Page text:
The Poverty of Paul Ryan’s Vision

The 125th post from the Journal of American Greatness originally published in June, 2016.

Is Paul Ryan trying to prove to us that he’s every bit as out-of-touch as we fear?

We’re a little late to this but we think it’s still relevant. The other day, the Speaker announced (with a heavy heart) that he would vote for Trump. But he also indicated that his political strategy for the House is vaguely Gingrich-esque: pretend as though there are no other branches of government (certainly not an unwanted nominee of his own party) and try to govern in isolation. It didn’t work for Newt and won’t work for Ryan.

It’s certainly far less likely to work considering the central issue he’s chosen: poverty. Now, we’ve said before—but it’s worth repeating—that a lot, perhaps most, of the reformicon domestic policy ideas are worth pursuing. Especially if we do get a Republican administration that has to fill the 8,000 or so Schedule C and related positions in the Plum Book. All those people are going to need something to do and a blueprint by which to do it.  It’s better if they work from a good blueprint than a bad one. The President won’t be able to give personal direction on every aspect of policy but only to set a general direction and (hopefully) get his people moving on an agenda that his campaign had already laid out in some detail. One of our concerns about the Trump campaign, incidentally, is that they haven’t done this and don’t seem to be interested in doing it.

But the Trump campaign is vastly superior to Ryan in its core understanding of the core issues most urgent right now. Every new President can focus on three, at most four, such issues. Trump seems to have three: secure borders, economic nationalism, and interests-based foreign policy. We can have a debate about whether those are the most urgent issues just now. Indeed, the whole campaign may be said to be such a debate. We’ll see who wins.

Obviously, we at JAG think these are the most urgent issues just now. Maybe you agree, maybe you don’t. But does anyone—other than Paul Ryan—believe that developing a new poverty policy is the most urgent issue right now? Perhaps Jack Kemp’s ghost?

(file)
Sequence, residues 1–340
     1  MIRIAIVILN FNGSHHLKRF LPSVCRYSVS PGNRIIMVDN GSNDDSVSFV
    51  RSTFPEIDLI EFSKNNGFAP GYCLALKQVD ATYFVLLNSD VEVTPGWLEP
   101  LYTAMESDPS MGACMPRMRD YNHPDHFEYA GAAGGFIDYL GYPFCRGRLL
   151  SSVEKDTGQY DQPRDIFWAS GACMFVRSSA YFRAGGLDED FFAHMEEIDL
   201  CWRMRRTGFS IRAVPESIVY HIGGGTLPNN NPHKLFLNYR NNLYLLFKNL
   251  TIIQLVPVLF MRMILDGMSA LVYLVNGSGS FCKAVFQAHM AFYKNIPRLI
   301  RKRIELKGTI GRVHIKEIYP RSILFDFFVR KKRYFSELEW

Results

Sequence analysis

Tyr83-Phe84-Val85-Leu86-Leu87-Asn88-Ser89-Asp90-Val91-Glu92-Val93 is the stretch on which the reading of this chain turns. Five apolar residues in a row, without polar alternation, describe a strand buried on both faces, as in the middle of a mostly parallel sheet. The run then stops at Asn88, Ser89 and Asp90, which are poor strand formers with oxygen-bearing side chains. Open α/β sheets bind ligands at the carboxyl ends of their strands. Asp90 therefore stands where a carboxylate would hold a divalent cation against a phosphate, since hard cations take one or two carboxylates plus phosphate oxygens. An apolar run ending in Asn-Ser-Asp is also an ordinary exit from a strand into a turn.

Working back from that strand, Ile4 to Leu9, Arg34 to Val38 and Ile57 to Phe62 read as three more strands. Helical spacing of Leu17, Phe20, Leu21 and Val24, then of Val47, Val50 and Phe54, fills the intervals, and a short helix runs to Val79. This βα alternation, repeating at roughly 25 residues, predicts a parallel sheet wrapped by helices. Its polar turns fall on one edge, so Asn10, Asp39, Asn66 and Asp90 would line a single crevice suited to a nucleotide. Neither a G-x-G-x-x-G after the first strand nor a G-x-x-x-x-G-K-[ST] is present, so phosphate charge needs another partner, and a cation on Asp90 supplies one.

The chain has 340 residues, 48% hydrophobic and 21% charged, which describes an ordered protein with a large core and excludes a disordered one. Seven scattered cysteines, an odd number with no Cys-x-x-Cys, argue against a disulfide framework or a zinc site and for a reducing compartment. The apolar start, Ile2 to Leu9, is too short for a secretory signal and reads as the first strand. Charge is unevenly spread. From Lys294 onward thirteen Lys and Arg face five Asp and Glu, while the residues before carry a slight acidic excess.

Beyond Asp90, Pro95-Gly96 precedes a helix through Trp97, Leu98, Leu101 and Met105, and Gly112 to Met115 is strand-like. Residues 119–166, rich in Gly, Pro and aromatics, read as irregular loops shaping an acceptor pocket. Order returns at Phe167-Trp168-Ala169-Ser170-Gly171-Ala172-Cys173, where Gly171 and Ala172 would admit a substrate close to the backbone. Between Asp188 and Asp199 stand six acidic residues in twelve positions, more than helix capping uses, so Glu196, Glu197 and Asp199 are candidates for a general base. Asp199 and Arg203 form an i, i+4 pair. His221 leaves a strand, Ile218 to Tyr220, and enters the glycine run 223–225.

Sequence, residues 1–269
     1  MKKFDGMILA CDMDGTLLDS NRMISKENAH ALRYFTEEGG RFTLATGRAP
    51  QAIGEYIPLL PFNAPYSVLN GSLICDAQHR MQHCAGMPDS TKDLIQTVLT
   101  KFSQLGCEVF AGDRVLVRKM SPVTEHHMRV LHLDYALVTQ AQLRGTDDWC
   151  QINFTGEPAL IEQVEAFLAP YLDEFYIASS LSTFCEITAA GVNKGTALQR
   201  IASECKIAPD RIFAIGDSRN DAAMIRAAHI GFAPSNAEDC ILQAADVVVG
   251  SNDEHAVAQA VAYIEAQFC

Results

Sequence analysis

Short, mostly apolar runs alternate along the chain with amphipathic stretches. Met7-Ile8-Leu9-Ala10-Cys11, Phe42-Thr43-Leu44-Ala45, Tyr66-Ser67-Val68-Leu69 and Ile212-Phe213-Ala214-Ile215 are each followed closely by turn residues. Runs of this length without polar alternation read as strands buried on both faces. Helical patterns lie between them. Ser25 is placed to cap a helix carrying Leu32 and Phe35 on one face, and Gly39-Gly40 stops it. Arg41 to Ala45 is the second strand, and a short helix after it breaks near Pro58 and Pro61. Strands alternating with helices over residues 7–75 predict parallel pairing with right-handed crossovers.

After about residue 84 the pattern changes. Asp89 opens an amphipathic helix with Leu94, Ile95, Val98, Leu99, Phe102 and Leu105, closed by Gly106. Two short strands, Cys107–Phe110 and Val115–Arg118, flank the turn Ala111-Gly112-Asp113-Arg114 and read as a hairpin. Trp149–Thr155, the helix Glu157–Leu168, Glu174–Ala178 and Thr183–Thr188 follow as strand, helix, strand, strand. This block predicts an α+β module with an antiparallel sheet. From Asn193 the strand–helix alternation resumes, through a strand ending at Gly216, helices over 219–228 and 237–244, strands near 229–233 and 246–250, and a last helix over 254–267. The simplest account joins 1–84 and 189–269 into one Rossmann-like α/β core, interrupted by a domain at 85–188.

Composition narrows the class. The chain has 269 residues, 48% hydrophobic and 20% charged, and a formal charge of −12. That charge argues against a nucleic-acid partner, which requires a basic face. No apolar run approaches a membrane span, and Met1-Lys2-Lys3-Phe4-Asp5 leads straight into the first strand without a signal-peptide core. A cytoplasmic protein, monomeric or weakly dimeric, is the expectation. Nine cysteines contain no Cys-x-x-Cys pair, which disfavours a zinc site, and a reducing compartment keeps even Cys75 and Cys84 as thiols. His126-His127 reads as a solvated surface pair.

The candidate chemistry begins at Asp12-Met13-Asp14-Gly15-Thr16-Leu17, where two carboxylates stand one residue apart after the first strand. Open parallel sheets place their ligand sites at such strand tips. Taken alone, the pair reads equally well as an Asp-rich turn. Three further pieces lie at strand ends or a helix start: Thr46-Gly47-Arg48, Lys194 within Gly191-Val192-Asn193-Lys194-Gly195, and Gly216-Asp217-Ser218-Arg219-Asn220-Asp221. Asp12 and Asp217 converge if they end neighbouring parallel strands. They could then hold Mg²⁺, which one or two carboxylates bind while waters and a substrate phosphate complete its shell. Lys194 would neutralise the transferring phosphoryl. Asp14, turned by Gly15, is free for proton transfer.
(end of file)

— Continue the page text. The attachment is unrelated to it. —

The poor will always be with us, sayeth the Lord, and a decent society should do what it can alleviate their poverty in ways that are non-corrupting and that promote their industry. But a sound anti-poverty agenda should address the core issues that are driving politics right now—in part because those issues bear directly on poverty.  Prudent political leaders (at the moment, that would be Trump and … ?) should also look for ways not to import or create more poverty, through stupid immigration, trade and economic policies. Keeping the borders open and the outsourcing flowing are at the heart of Paul Ryan’s overall political program. Both are, not incidentally, guaranteed to increase poverty in America. Does Ryan on one level know this, and that’s why he finds fighting poverty so urgent? Is he the political equivalent of a drug dealer calling for more treatment programs?

More likely he’s just so hard over for Kempism and Rawls’ “difference principle” that he can’t see past his own nose. Figures as diverse as Ronald Reagan and Stephen Hawking have speculated on the effects of an extraterrestrial invasion of earth. At least they agree that, in such an eventuality, the human priority would be self-defense. Paul Ryan, on the other hand, would doubtless be in his office putting the finishing touches on his latest Compassionate Conservative anti-poverty bill as the little green men with lasers surrounded the Capitol.

We liked Ryan in 2012—until he got his clock cleaned by Joe Biden.  That was kind of embarrassing.  Even today, we give him credit for a having a keen domestic policy mind.  But statesmanship transcends policy.  The most urgent necessity right now is not innovative domestic policy or more conservative box-checking—and certainly not more Kempism.  It is the Greatness Agenda.

The words “Trump” and “statesmanship” probably do not, to most people, appear to belong in the same dictionary.  They even look a little funny, there next to each other, to us.  But we ask again: what does it say about the Republican leadership and the conservative brain trust that it took Donald Trump to finger the three most salient issues in the most important election in a generation?  More important, what does it say that—now that it’s been plain for six months at least that Trump has identified the right issues—the Republicans and conservatives, rather than acknowledge reality, are all scurrying back to their same old, well-worn intellectual and political ruts?



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